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Interesting as my current training may be, I am getting  bit fed up of sitting in lectures and writing stuff for exams, so it was a relief to be allowed outside to play complete a practical project.

The brief from the college was to go and find an organisation working with people with disabilities and ask if they need anything to help clients take part in the activities. I went with three other students to the city farm where I worked for eight months, who decided that what they’d like was wheelchair friendly entrance for the rabbit pen. “Wheelchair friendly” being defined as possible to just a wheelchair in and out without having to pull bolts or turn handles, in both directions, but without the rabbits escaping n the process.

The contraption above is what we came up with. As a wheelchair goes up the ramp and onto the platform, the weight presses the planks down, releasing the catch by the gate. The wheelchair can push through the gate which is hanging on those nifty sprung hinges you find on saloon doors in western movies, and when the wheelchair has gone through the gate swings shut, the platform springs up again thanks to two inflated wheelbarrow inner tubes hidden underneath, the door latches shut, and the rabbits are kept safely inside.

The plan was for the platform to be about ground level but we discovered the foundations to what looks like an artillery position right where we wanted to dig it out so it ended up rather higher. The ramp and barrier are by way of emergency solutions.

So far it seems to work. The gate opens and closes,  mass rabbit breakouts have been avoided.

The long drawn out and very boring process of getting German citizenship I’ve described before is continuing: we’ve had a request for a rather large amount of money and more copies of the documents we had to copy earlier. We have to take them to an office at some unspecified point in the future, so we are hoping this means we are coming towards the end of that one. Of course this means chasing different government offices who move at the usual speed of government offices everywhere…

Exams continue: you’ve all experienced them and they are as fun and exciting as way back when, so I don’t need to go on about that…

On the other hand I’ve got a project week this week, which means I can start a bit later and get to make stuff and call it work. My group has to make and design a gate that will open for a wheelchair without the user needing to undo a bolt or turn a handle, and close securely after they have gone through. This last bit is important because we are back at the city farm I worked at a couple of years ago, and the gate goes to the rabbit pen.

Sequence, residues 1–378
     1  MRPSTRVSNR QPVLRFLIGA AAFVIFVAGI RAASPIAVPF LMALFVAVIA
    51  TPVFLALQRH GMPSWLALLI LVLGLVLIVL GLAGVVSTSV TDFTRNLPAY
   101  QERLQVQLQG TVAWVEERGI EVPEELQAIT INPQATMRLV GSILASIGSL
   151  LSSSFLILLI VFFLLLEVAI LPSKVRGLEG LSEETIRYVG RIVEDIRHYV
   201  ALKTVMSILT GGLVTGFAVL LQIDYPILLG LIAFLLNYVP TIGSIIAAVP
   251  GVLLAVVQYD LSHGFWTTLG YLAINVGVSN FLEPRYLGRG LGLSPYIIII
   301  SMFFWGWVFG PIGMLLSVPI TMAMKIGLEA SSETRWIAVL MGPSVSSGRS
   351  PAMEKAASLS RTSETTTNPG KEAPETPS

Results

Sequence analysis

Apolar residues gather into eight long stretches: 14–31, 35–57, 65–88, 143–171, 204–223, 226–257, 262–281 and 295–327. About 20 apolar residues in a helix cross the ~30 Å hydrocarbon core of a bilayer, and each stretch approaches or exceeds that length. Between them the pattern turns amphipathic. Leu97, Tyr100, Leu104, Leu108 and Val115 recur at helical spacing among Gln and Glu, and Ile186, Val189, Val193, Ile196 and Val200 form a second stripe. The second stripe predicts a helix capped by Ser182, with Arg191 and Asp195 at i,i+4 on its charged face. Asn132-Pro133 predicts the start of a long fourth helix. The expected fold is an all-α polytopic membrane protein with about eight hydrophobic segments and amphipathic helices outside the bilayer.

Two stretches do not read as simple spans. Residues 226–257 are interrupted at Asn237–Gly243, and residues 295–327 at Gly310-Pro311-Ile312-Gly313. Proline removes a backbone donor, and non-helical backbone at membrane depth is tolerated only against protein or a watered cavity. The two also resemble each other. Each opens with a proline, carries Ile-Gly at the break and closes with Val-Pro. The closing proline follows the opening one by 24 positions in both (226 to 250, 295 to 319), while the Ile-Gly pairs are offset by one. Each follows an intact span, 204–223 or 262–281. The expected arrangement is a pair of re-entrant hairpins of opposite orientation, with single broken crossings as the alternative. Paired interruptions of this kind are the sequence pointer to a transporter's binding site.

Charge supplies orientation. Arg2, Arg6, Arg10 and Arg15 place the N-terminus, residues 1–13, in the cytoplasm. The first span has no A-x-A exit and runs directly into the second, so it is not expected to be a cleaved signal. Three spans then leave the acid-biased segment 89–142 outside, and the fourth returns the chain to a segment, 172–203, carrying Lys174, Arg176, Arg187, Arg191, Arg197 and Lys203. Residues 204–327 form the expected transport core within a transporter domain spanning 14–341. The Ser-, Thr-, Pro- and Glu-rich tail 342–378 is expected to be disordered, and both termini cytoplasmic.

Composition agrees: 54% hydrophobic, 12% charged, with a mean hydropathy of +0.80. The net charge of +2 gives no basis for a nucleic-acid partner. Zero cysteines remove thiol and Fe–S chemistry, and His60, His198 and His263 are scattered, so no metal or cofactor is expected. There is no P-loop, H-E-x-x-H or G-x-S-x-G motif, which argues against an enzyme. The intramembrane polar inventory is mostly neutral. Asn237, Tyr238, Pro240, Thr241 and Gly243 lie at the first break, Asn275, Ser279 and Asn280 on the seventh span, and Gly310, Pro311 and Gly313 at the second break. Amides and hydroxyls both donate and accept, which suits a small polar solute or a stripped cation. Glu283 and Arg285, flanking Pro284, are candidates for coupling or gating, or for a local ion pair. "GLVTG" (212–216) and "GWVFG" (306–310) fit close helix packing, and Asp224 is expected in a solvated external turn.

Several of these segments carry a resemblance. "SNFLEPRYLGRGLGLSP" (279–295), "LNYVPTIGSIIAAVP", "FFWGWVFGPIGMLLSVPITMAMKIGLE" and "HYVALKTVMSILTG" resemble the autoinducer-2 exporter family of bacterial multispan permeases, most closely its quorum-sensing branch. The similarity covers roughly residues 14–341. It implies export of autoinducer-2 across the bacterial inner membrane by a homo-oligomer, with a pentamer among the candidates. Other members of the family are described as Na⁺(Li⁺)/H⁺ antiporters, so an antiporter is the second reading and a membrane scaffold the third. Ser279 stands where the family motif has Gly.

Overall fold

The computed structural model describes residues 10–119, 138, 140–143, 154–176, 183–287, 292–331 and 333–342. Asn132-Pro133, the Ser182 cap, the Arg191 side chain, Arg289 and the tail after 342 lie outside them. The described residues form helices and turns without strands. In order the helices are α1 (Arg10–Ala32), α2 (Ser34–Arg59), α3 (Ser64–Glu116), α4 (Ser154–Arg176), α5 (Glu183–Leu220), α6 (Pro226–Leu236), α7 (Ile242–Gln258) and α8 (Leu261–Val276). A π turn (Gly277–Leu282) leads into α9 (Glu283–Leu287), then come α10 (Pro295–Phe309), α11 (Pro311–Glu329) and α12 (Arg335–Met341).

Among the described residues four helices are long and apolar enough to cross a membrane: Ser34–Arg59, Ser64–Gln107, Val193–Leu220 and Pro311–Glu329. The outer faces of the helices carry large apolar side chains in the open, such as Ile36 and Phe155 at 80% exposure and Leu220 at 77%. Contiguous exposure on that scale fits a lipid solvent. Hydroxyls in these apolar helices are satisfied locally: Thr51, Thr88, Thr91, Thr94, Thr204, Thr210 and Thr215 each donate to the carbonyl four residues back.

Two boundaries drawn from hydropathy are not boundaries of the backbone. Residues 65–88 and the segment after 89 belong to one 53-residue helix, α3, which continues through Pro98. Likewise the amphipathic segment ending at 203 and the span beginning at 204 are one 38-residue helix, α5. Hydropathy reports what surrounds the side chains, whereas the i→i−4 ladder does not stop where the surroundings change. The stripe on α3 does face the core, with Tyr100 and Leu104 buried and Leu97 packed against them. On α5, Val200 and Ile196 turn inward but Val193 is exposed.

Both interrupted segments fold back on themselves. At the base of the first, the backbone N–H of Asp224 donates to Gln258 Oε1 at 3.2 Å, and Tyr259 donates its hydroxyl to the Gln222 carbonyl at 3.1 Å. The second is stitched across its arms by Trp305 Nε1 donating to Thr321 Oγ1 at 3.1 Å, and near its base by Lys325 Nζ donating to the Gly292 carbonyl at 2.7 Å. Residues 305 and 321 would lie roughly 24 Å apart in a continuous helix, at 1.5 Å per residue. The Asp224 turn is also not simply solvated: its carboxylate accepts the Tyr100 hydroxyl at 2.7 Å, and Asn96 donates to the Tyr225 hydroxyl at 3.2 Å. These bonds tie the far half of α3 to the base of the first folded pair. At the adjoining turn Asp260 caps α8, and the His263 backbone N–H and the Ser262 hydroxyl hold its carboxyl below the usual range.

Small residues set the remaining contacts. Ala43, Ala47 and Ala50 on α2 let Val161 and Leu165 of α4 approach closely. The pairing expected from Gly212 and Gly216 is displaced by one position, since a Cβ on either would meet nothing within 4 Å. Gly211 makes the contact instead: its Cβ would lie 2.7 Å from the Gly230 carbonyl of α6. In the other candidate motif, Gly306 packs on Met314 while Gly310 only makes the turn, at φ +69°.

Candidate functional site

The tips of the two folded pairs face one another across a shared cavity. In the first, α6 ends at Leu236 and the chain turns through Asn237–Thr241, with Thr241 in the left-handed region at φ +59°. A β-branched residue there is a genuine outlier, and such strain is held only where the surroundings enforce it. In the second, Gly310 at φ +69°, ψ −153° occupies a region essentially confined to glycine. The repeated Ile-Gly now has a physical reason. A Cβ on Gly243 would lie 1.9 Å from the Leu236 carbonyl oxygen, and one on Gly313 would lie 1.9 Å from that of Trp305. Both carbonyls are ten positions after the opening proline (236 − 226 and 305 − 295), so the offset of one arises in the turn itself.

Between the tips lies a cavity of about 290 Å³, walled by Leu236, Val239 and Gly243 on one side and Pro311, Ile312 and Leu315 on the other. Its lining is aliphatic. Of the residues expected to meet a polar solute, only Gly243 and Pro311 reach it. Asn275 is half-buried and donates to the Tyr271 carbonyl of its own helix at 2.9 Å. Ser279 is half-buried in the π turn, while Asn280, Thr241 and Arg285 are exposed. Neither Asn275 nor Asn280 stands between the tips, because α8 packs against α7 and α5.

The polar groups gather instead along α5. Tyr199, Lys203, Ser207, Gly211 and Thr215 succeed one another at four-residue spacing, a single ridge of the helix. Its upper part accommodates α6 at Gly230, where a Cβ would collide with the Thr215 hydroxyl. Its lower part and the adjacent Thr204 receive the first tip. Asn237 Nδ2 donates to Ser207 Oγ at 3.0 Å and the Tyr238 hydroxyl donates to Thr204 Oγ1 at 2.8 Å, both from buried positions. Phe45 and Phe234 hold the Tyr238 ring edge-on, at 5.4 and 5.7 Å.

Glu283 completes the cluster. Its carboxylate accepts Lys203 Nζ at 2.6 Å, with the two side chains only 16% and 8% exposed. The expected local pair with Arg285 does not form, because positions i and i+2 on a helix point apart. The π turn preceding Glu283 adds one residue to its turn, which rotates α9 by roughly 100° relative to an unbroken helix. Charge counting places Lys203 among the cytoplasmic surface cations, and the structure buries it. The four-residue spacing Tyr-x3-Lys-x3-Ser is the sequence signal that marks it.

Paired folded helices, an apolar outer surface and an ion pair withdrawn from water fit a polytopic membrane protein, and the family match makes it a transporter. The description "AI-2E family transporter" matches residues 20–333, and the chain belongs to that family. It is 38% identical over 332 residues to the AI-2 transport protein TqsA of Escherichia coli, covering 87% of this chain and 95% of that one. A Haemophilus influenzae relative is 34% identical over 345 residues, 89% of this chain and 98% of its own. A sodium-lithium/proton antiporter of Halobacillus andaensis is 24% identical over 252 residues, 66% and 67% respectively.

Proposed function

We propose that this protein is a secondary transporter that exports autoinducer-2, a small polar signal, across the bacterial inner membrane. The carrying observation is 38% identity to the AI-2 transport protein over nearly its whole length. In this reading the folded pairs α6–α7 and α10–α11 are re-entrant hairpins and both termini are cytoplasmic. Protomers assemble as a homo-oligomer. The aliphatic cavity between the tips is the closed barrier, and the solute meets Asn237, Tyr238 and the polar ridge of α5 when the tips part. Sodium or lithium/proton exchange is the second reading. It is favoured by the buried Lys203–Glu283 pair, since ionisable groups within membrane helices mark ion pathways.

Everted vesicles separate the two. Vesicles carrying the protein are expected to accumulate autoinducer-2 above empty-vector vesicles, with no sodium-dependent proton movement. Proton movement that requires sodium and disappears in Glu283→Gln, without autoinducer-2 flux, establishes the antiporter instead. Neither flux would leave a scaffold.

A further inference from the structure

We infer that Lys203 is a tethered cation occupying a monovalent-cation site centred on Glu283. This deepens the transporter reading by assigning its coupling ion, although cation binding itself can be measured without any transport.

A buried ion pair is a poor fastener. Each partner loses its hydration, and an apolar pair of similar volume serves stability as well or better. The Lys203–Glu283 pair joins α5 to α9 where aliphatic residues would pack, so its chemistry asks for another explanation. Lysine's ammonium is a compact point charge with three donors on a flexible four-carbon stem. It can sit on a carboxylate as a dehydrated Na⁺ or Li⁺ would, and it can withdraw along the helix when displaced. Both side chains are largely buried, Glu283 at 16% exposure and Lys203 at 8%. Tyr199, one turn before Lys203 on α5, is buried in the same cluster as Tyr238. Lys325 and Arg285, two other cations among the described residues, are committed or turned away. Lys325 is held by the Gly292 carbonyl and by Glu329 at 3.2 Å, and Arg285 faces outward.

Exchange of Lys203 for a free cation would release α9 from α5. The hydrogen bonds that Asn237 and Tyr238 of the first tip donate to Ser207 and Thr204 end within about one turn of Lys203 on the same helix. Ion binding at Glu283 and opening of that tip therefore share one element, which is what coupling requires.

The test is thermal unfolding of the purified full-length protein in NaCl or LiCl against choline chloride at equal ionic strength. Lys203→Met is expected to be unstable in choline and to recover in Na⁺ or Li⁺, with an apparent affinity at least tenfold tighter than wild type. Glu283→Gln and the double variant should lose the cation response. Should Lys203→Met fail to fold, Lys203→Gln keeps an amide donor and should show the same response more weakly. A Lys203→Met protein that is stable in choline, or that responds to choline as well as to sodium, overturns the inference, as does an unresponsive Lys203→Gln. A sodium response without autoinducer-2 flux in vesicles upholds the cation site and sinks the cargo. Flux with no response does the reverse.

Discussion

On top of this the weather is good at the moment and I can ride the Xtracycle to the farm, and not get muddy in the process, which reduces a lot of the potential grumpiness…


We take it in turn to feed and generally look after the animals on Sundays. I was a bit late this week and by the time I got there the sheep had started getting organised and were complaining bitterly at the poor quality of service. Their self-appointed leader, Frieda (don’t ask me, I just work here) is seen here demanding extra hay, mash, and free use of the horse paddock.

Once food arrived they lost all pretence at solidarity and started fighting each other for extra shares.

The farm has a ‘general’ kitchen used for all kinds of activities and one commercial kitchen used for preparing food for the homework club. which has to fulfill all kinds of rules and regulations. In particular, it should have a paper towel and soap dispenser: apparently failure to have one of these can cause an outbreak of biblical-quality plagues and the arrival of the four Horsemen of the Apocalypse (carrying a nasty letter from the Hygiene Department).

Of course we could buy a dispenser, but that would be boring and would require us to actually spend money, so the boss told me to “have a look and see what you think would work”.

I got together with some of the kids in the workshop*, and we made this.


I hadn’t done this sort of thing since I was officially signed off sick from my apprenticeship a year ago, and the space I had to fit the thing was squeezed between the wash basin and a fuse box**. I distinctly saw a spark come out of a hole I was drilling at one point but the cook is a former electrician and he assured me that if I had hit a live wire the resulting sparks would have reached halfway across the kitchen, so we carried on and I managed not to look too surprised when it fitted first time.